Flattening nested objects


You have an object with a load of deeply nested child objects within it


Everyone’s favourite Array.reduce to the rescue


So we need a way of iterating over all of the fields inside the object. This can be done very simply with the Object.keys function. This little beauty passes you back an Array of each key which exists in your object. This will allow us to iterate over each field. Check.

Overall we need to turn this array into a new flattened object. Many items into one item. That sounds like a reduction, so lets use reduce

Reduce accepts a function. This function takes as its arguments (accumulator, item, index)

So reduce is going to work basically like Array.map its going to iterate over each item in the array it is called on, and call your function using that item. Except, with this function instead you have reference to the previously returned value. The acculumated value.

With our array of keys of the object we can then run reduce over it, so that it calls our function for each key. This will then allow us to check if the value at that key is an object or just a regular value. If it is an object then we get grab all of its properties and spread them out into the new object we want to return.

Object.keys(obj).reduce((acc, key) => {
  const value = obj[key];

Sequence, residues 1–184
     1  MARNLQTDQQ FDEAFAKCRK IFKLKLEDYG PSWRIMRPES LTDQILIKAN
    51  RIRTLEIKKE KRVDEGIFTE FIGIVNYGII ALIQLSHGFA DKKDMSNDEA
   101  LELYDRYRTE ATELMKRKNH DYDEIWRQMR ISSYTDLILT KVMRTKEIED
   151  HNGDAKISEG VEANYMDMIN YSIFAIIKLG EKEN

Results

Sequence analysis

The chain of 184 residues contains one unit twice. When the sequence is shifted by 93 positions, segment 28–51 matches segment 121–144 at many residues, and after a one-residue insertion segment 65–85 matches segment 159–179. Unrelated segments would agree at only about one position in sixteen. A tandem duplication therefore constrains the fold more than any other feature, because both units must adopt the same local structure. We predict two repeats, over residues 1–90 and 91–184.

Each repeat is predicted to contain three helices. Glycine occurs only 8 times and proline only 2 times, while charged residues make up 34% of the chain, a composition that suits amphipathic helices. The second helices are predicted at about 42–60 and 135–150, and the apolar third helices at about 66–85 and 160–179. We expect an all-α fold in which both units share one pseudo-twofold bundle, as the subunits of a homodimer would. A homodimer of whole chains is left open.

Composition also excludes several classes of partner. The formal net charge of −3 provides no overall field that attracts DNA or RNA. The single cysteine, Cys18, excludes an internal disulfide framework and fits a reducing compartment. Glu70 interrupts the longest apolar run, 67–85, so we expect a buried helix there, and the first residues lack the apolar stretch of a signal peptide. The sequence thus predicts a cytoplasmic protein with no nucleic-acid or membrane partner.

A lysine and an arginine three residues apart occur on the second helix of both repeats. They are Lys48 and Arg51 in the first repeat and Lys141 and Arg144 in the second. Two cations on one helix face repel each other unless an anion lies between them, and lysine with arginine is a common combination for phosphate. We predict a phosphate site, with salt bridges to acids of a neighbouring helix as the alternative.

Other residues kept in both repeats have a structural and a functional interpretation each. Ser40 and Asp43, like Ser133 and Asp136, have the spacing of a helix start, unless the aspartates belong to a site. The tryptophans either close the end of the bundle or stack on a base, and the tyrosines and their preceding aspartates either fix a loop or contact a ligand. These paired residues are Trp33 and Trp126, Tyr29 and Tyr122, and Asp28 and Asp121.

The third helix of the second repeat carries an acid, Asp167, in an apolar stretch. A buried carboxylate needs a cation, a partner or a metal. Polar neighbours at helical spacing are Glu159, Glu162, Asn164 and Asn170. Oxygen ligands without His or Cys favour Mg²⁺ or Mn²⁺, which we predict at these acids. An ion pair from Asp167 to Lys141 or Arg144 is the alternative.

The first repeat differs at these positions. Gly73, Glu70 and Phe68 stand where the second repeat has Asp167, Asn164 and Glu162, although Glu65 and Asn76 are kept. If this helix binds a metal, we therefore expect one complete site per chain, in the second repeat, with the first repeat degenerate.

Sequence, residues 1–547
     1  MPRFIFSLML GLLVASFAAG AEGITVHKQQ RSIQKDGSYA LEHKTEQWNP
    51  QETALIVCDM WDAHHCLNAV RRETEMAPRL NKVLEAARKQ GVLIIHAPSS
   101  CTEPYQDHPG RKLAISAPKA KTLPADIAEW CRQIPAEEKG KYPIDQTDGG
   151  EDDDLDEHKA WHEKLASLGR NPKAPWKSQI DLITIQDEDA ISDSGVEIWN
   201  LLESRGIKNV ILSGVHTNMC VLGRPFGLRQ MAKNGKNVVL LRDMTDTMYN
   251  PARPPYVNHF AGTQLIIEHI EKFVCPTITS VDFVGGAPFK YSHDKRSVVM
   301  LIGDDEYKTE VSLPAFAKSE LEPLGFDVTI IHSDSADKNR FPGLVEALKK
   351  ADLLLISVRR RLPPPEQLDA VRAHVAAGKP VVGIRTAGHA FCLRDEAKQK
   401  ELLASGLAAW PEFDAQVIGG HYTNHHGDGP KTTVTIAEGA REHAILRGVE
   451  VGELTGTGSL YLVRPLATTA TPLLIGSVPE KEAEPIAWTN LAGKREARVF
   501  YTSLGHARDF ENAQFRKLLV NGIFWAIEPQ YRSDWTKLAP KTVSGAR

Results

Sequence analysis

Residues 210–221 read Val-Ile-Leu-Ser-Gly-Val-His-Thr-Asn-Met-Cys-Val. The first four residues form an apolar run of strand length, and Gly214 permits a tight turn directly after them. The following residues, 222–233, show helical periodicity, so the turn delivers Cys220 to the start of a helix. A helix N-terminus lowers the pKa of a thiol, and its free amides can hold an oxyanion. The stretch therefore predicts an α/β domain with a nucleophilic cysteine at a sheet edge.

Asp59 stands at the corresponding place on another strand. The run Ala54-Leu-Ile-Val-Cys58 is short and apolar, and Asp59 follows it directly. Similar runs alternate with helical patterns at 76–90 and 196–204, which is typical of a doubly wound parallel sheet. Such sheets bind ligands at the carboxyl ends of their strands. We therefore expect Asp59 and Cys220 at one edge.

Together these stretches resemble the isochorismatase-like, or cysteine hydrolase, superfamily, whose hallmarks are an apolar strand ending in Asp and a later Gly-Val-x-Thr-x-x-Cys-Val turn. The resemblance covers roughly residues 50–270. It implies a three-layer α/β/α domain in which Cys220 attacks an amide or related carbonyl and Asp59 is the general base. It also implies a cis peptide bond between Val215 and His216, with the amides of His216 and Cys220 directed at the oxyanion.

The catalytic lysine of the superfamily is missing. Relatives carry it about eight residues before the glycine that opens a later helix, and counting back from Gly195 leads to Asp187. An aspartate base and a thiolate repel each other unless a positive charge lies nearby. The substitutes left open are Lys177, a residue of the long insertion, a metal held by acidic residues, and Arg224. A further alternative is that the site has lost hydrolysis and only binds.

return typeof value === "object"
    ? { ...acc, ...value }
    : { ...acc, key: value };

One other thing to note is that we want to return a new object, so it makes sense to start with an empty object, which we will then fill up with key, value pairs. Reduce takes a second argument which is the initial value of the accumulator so in our case it will be {}

The Final Product

const flatten = (obj) =>
  Object.keys(obj).reduce((acc, key) => {
    const value = obj[key];
    return typeof value === "object"
      ? { ...acc, ...flatten(value) }
      : { ...acc, key: value };
  }, {});


There is one big problem with this implementation. If the names of 2 keys are the same, the second will overwrite the first! A bonus for YOU the reader will be to adapt this cheeky flatten function to allow it to accept conflicting names. Accept the challenge at your own peril!